Getting to the top is optional. Getting down is mandatory.Ed Viesturs
In January 2014, I attempted to summit Aconcagua, the highest mountain in the Western Hemisphere. At Camp One, in the middle of the night as snow accumulated outside my tent, I developed HAPE, a deteriorating condition where fluid accumulates in the lungs and can be deadly within hours.
In the parlance of the mountaineer, I failed.
But in the language of the questing adventurer fully engaged in the game, my harrowing leave-taking of that snowy pile of rock was a success.
“The summit is optional, the descent is mandatory,” were my husband Richard’s parting words at Minneapolis-St. Paul International Airport two weeks ago, and they echoed in my fogged, lethargic brain as my lungs dangerously crackled and oozed, my strength dwindling precipitously, ever accelerating in a dance with death so unromantically called “HAPE” — High-Altitude Pulmonary Edema.
Was it Liszt in my head on that dark, icy morning as moans and coughing woke me? More likely, it was not a vision of my own demise but rather the promise of the rest of my life calling me — begging me — to return below the clouds and save myself.
“Evacuation” is a funny term implying speed and efficiency. Mine was a chaos of clothes found, boots pushed on, a rag-doll body forced to stand.
I then slowly put one foot in front of the other and walked thousands of feet down and down, tied by a short rope to a lovely Argentine guide who never stopped urging me, “Good job, Ali! You must walk now! Good job!”
What is it, I ask myself, that sends me to such risky places? Is it a testing of myself, or a seeking of indescribable vistas or is it maybe a desire, that in utterly stark and danger-filled places, I will somehow find who I really am and thus carry a strength and peace into the ordinariness of my life?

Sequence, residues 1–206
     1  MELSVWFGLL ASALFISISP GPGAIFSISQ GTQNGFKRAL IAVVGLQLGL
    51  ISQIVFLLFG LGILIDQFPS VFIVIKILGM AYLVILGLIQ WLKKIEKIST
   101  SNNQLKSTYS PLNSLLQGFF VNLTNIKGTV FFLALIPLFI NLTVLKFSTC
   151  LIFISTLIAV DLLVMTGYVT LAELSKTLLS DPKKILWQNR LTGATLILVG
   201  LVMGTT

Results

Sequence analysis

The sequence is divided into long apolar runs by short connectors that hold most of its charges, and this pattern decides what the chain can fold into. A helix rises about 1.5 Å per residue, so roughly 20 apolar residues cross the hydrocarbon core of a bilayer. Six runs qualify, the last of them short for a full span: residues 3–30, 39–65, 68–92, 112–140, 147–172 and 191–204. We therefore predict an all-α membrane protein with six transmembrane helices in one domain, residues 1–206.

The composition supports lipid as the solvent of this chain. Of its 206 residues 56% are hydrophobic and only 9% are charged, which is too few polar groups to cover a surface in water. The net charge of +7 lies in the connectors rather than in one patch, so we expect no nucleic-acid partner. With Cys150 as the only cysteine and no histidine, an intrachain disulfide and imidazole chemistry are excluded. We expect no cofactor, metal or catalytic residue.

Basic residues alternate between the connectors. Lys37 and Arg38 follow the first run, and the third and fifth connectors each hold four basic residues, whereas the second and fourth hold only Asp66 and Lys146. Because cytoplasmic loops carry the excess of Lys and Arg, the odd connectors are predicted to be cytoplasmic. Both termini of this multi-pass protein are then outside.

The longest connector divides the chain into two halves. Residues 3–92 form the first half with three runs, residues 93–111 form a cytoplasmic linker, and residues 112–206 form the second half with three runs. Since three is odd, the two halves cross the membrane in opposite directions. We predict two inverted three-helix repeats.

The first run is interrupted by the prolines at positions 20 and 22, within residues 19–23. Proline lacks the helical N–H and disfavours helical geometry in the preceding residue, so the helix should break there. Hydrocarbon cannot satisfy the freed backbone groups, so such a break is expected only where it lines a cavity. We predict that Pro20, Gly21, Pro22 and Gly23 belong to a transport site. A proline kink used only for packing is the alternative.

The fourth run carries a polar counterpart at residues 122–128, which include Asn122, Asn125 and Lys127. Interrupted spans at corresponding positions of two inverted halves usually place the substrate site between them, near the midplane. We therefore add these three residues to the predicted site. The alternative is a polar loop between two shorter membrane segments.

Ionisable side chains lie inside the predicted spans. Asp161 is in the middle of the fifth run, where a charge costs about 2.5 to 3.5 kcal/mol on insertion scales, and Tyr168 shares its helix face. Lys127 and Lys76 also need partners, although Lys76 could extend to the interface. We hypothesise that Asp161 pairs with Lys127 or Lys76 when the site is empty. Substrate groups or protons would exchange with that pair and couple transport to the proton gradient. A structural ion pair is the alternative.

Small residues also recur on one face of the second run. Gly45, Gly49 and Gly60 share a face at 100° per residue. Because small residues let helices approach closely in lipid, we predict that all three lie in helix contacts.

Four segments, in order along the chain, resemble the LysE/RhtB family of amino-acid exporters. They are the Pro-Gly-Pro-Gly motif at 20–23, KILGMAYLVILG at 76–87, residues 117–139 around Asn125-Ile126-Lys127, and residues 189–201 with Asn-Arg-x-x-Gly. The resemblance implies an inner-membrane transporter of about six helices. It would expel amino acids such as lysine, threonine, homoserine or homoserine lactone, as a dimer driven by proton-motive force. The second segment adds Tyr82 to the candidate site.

To these sorts of questions, George Mallory famously quipped about his obsession with summiting Everest, “Because it is there.”
The reasons I give shift over time and can’t be pinned down. Perhaps I simply don’t know why.
As I slowly recovered in Mendoza’s vineyards at the foothills of the Andes, I was surprised and a little amused that with the end of the adventure I sought in Argentina, I was thrust into a new one. But certainly not the kind to write books about or to develop an awe-filled following. It’s way more internal and private.
I know I’ll return to the wild and unknown one day; that’s a given. The brute strength, the grit, the confidence and determination and the hopeful attitude it takes to reach any summit, are skills I already possess.
In this case, I’d venture to add I picked up a new one – a demure graciousness that allowed me to decline the invitation to my Totentanz.